The 40th anniversary return of the monarch of rock concert films, Stop Making Sense, couldn’t be more welcome.
I’ve seen the Talking Heads concert film time and again over the years, from the first run, to the15th anniversary screening at the Mill Valley Film Festival, and late at night in chunks on YouTube.
I saw it once seven years ago, in the desert in Black Rock City on a TV screen balanced on an aluminum ladder. Nobody wants to hear what you got up to on the Playa, but that was as emotional an experience as I’ve had as a film watcher. I felt like a barker. I wanted to haul in passersby to join us on the dust-blasted second-hand sofas. “Come see this wonderful movie, good people!”
If that seems fulsome, apologies, because I’m still struck by the intelligent way Stop Making Sense tells its story of a jittery nerd finding communion. We see the process as described by Funkadelic’s George Clinton: “Free your mind and your ass will follow.”
The thin, anxious lead vocalist David Byrne wobbles in carrying a boombox to accompany him as he plays “Psycho Killer” on acoustic guitar. The song is haywire nerved, yet remote, like someone’s dissertation on a grindhouse movie. Byrne is joined by the appealingly sunny (and pregnant) bass player Tina Weymouth for the Kurt Weill-like song “Heaven.” The song gives blessed assurance that the afterlife will be like a bar that never changes, from the jukebox to the good company.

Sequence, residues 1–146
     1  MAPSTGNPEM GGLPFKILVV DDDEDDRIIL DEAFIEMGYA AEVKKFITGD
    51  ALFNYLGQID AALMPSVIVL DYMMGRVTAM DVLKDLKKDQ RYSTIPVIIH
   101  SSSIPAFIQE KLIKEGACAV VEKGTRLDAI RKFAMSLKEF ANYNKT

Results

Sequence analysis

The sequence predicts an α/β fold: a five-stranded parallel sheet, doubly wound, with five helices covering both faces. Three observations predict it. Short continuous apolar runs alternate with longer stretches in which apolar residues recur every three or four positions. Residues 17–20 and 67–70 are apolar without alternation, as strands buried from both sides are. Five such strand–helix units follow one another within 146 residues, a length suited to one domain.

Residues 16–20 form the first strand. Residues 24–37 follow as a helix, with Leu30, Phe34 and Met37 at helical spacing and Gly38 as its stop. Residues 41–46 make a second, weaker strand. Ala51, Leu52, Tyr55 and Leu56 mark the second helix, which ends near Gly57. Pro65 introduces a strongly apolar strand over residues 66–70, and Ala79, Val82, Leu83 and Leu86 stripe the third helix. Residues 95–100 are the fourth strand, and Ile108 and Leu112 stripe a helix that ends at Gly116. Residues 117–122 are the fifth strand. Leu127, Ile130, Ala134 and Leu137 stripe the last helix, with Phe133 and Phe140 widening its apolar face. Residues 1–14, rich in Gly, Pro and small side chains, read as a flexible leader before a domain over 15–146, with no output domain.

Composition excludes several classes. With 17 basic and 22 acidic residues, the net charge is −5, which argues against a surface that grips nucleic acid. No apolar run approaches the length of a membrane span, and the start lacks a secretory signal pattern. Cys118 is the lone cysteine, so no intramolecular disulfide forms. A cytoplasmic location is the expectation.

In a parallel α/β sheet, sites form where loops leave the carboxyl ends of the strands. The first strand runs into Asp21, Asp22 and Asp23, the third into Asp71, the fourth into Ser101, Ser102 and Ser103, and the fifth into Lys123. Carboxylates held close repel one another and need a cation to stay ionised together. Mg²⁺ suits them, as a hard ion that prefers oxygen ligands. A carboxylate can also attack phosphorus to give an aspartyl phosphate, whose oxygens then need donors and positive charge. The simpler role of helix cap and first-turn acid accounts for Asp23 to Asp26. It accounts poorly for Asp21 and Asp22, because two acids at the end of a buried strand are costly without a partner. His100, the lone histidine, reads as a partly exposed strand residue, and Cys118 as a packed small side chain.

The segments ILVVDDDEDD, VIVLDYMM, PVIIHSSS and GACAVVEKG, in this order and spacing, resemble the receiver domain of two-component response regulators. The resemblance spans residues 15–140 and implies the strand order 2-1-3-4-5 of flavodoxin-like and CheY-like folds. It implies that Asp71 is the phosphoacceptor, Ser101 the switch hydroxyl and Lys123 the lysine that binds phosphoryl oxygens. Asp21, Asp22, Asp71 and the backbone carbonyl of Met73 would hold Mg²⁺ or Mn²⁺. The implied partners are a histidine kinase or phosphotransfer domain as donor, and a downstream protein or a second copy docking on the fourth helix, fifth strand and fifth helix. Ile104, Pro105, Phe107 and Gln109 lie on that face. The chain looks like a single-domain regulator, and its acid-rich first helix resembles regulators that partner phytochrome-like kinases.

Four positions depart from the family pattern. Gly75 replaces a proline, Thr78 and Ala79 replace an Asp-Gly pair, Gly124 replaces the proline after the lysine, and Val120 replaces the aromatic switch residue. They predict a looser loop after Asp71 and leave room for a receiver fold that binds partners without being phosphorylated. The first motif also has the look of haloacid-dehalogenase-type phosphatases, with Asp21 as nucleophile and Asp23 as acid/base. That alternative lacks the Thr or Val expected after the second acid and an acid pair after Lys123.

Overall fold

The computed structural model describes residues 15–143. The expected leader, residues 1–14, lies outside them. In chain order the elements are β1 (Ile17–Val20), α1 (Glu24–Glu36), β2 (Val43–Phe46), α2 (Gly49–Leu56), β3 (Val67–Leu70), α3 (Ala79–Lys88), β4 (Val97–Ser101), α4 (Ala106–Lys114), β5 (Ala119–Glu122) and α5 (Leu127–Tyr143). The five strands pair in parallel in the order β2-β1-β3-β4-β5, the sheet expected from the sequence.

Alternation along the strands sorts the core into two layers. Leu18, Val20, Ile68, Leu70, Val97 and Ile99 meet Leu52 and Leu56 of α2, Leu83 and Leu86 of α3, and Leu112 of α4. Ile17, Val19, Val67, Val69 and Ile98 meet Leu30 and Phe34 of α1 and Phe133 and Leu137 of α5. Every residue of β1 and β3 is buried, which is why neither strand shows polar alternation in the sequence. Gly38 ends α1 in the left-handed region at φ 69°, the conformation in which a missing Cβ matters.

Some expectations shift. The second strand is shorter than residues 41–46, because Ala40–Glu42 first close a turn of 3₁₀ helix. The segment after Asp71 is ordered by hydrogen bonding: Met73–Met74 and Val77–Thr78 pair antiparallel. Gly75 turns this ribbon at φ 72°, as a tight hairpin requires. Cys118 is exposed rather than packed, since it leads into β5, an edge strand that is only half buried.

The rest of the band emerges: Jerry Harrison on chattering guitar and Tina’s spouse, the drummer Chris Frantz. Then enters keyboardist Bernie Worrell, and finally, as a scrim descends, vocalists Lynn Mabry and Ednah Holt sprint onto the stage like a pair of antelope. Strange shadows make Zorro masks for these singers, on the overpowering “What a Day That Was.”
Loosened up by call and response music, Byrne sheds his too-tight skin, shimmying in an XXXXL suit, for “Girlfriend is Better,” the song that gives this film its title. He sways with a giant lamp like Fred Astaire in Royal Wedding. Byrne poses as a military badass, croaking out “Swamp” while marching in place. We see Clark Kent losing his glasses and turning into Superman.
The band is named for a standard TV shot: rigid full-face forward, head and shoulders in the frame. Given that name, it’s a surprise to see how superbly kinetic the film is.
It persistently cuts from something good to something better. Cinematographer Jordan Cronenweth supervised a team of black–clad camerapeople, meant to be as invisible as the puppeteers in a Noh play. The result is one supershow woven out of three separate nights at the Pantages Theater in Hollywood.
The highest point is the band performing “Slippery People,” a song for 1983 and today. Lyrically circumspect though it is, it’s clearly about the lethal American malady of flim-flam men posing as the godly. Thus, it’s aged as well as Talking Heads’ hit “Life During Wartime,” an imagination of urban guerillas to come. It’s a prophecy that must never come true, and yet likely will.
If Stop Making Sense has survived in such great shape, the key reason is the direction by Jonathan Demme. Like Jean Renoir, he was a master of democratic cinema, of giving every character their time, their place and their word.
The lonely and the depressed are called to see Stop Making Sense. This film heals.
In theaters now